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  1. #1
    Join Date
    Jul 2012
    Location
    Tsawwassen, BC, Canada
    Posts
    243

    Default Blueberry Field Treatments...what to expect??

    I am in the process of roaming our local farmlands, scouting out good places for beeyards. The main local crops are blueberries and potatoes.

    One of the things I need to consider, aside from the deliciousness of blueberry honey, is what pesticides are likely to be sprayed on the blueberries over the course of the season.

    What is the typical treatment regime for commercial blueberries, and how best can I manage the bees around the blueberry fields?

    Regards,
    Janet

  2. #2
    Join Date
    May 2012
    Location
    Forest grove, Ore USA
    Posts
    192

    Default Re: Blueberry Field Treatments...what to expect??

    Every grower is going to have a different regimen of pest/mold/weed control. The only way to know is to ask. And if you find a site to keep them don't just ask a few questions, get a conversation going. Farmers may or may not know bees and may or may not understand how far yor bees can forage leading to misunderstandings in the future.

    If spotted wing drosophila gets up there any time soon you may want to reconsider placing them in blueberries anyway because the malathion will be going on weekly

  3. #3
    Join Date
    Apr 2011
    Location
    Palermo, Maine, USA
    Posts
    731

    Default Re: Blueberry Field Treatments...what to expect??

    Do the blueberries in your area give you a good crop?

    This area has a lot of (so called) wild low bush blueberries and the consensus is that the berries benefit more from the bees than the bees do from the berries. They get a little pollen, but not much else.

    (Sorry, I can't speak to the question of treatments.)
    Like us on facebook This is the place to bee!
    Ralph

  4. #4
    Join Date
    Aug 2005
    Location
    Washington County, Maine
    Posts
    2,802

    Default Re: Blueberry Field Treatments...what to expect??

    My land is in the midst of wild blueberry land. I don't use anything on my land and it shows as the fields don't look anything like a perfectly groomed blueberry field. On the other hand, my bees seem to like it!

    A couple of things to keep in mind. Monoculture Blueberries are lousy bee forage. Honey Bees are not big fans of wild blueberries and if there is anything else (wild) blooming when the blueberries are that is where you will find the bees. This is one reason that the barrens are flooded with bees - so that despite anything else the blueberries will be adequately pollinated.

    If a farmer is actively killing competing vegetation with herbicides, you need to make sure your bees aren't around when it is applied. Roundup is generally considered safe for bees but some other herbicides are not. Some growers are very good about following label directions, some aren't. The ones that aren't end up with more dead bees on their land. The same goes for fungicides and insecticides. Be aware of "infestations" such as the spotted wing drosophila mentioned by Steves1967. The farmer will need to deal with whatever problems threaten the blueberry crop and very often the chemical solutions are not great for honey bees. There are a variety of agri-chemicals on the market and you need to learn what is applied locally.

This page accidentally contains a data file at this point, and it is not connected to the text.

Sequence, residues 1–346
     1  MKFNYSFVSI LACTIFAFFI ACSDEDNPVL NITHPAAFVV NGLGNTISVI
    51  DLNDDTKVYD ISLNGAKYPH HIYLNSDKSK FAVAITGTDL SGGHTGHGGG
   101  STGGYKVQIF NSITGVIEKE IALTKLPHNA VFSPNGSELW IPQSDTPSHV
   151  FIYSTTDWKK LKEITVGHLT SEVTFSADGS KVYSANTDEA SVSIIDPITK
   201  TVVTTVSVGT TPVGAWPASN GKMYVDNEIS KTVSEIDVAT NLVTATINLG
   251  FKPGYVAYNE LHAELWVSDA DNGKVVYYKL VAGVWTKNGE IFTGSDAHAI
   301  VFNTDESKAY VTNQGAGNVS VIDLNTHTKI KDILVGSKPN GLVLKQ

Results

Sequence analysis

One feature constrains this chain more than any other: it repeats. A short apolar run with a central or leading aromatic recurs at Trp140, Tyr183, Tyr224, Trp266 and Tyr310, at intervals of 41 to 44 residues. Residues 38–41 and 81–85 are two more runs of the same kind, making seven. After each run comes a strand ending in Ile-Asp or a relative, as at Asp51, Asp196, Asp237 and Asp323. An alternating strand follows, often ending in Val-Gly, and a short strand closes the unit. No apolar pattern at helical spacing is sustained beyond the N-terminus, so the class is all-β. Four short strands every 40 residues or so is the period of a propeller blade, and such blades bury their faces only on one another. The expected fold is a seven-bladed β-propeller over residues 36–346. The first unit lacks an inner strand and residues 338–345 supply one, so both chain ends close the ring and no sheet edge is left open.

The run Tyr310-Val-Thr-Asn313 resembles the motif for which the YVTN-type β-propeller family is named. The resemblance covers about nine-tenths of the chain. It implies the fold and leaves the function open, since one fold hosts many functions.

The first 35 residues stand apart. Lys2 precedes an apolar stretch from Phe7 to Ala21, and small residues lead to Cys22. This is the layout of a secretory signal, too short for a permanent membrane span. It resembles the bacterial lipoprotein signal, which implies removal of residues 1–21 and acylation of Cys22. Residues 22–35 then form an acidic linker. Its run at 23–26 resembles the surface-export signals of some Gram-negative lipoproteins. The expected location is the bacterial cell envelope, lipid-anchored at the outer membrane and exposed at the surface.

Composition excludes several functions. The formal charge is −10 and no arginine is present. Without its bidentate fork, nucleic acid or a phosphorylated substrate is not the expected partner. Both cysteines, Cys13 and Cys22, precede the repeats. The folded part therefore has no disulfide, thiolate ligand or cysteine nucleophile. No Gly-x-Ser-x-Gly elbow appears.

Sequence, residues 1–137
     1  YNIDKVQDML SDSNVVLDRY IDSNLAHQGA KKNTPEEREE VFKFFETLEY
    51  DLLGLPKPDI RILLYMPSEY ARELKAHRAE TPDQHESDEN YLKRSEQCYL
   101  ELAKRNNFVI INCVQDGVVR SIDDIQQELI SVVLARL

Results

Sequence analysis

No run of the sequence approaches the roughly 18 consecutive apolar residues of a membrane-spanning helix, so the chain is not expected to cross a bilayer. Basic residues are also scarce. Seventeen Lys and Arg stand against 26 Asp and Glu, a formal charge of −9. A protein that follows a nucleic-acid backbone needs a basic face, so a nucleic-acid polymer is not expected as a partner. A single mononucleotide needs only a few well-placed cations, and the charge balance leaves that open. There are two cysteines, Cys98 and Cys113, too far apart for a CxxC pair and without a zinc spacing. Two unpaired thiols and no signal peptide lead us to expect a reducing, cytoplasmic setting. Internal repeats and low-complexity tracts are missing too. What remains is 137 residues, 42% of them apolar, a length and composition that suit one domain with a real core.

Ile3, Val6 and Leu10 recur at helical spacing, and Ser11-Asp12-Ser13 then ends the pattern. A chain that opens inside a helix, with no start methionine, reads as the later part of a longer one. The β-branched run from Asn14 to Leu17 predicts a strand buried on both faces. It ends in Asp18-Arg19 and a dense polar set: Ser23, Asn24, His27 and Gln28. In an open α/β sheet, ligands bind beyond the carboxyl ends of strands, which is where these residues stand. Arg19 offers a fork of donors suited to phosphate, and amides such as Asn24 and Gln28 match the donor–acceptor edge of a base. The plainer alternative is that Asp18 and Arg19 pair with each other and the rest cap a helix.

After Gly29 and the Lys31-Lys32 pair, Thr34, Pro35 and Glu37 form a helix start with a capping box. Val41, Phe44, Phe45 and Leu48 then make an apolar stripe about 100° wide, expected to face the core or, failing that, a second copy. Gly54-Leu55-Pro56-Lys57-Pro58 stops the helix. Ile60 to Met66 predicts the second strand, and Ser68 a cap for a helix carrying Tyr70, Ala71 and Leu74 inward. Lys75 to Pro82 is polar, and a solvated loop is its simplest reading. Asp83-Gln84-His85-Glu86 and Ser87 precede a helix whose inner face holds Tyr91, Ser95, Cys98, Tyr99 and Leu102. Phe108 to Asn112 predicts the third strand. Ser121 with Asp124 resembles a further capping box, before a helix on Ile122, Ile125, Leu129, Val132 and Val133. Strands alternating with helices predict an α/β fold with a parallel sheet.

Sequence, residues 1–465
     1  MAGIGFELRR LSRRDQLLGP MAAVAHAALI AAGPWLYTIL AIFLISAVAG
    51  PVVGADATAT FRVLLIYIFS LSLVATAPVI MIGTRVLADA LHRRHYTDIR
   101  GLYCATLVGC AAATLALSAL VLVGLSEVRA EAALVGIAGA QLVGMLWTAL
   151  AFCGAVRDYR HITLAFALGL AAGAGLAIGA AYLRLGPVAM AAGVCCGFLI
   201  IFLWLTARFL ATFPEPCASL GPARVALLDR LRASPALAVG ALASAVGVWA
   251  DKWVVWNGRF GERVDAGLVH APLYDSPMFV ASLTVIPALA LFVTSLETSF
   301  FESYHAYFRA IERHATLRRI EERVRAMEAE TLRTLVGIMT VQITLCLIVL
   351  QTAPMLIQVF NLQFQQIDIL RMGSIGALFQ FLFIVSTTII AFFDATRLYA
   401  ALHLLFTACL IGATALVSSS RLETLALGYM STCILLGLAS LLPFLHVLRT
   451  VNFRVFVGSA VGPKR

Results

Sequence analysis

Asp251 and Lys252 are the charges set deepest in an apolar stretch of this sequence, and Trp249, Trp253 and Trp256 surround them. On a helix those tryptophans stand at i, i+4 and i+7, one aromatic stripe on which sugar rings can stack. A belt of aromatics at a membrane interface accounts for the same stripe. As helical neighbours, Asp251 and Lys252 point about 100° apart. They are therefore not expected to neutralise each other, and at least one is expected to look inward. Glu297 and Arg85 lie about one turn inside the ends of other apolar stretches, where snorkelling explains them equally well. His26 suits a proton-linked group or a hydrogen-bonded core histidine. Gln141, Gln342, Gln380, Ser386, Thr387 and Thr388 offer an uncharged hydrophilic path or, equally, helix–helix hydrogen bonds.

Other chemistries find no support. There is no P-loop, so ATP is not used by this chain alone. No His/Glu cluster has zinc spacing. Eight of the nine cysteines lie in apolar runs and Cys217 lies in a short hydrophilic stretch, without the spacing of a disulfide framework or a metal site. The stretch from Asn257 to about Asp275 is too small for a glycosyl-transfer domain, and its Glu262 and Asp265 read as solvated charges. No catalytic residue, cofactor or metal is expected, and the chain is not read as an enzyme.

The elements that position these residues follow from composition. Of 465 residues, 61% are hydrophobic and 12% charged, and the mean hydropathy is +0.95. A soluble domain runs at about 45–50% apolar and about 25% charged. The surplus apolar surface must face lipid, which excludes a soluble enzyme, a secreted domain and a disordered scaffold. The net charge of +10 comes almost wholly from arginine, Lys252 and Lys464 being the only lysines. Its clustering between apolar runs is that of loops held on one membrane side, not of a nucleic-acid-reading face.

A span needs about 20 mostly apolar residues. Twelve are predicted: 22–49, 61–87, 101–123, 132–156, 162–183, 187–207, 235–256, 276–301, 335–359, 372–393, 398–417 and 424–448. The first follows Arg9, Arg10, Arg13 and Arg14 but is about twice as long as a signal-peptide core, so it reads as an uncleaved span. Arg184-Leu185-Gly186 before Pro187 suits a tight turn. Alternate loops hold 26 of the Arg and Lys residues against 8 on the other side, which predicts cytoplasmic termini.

Your dream location may be to find blueberries that are being marketed to the chem free or organic markets. These lands will be much safer for your bees and likely to have season extending forage too. Keep in mind that the bees will need forage once the blueberry blossoms have passed. Also good would be land that has been out of commercial production for several years.

    The routine application of products is going to vary from year to year and location to location. Remember commercial blueberries are usually pruned (by burning or mowing) every other year so that finding a permanent location where your bees will thrive will be very difficult.

    And remember too that if bees are brought in to pollinate the regional crops that your bees may be exposed to any viruses, pests and diseases brought in with those other bees. Commercial beekeepers are generally pretty good about making sure their bees are healthy, but still...

    Good luck on your location search!
    Master Beekeeper (EAS) and Master Gardener (U Maine CE) www.beeberrywoods.com

  5. #5
    Join Date
    Jul 2012
    Location
    Tsawwassen, BC, Canada
    Posts
    243

    Default Re: Blueberry Field Treatments...what to expect??

    My wish list includes the ability to plant out some bee forage at least along field margins and ditches as well!

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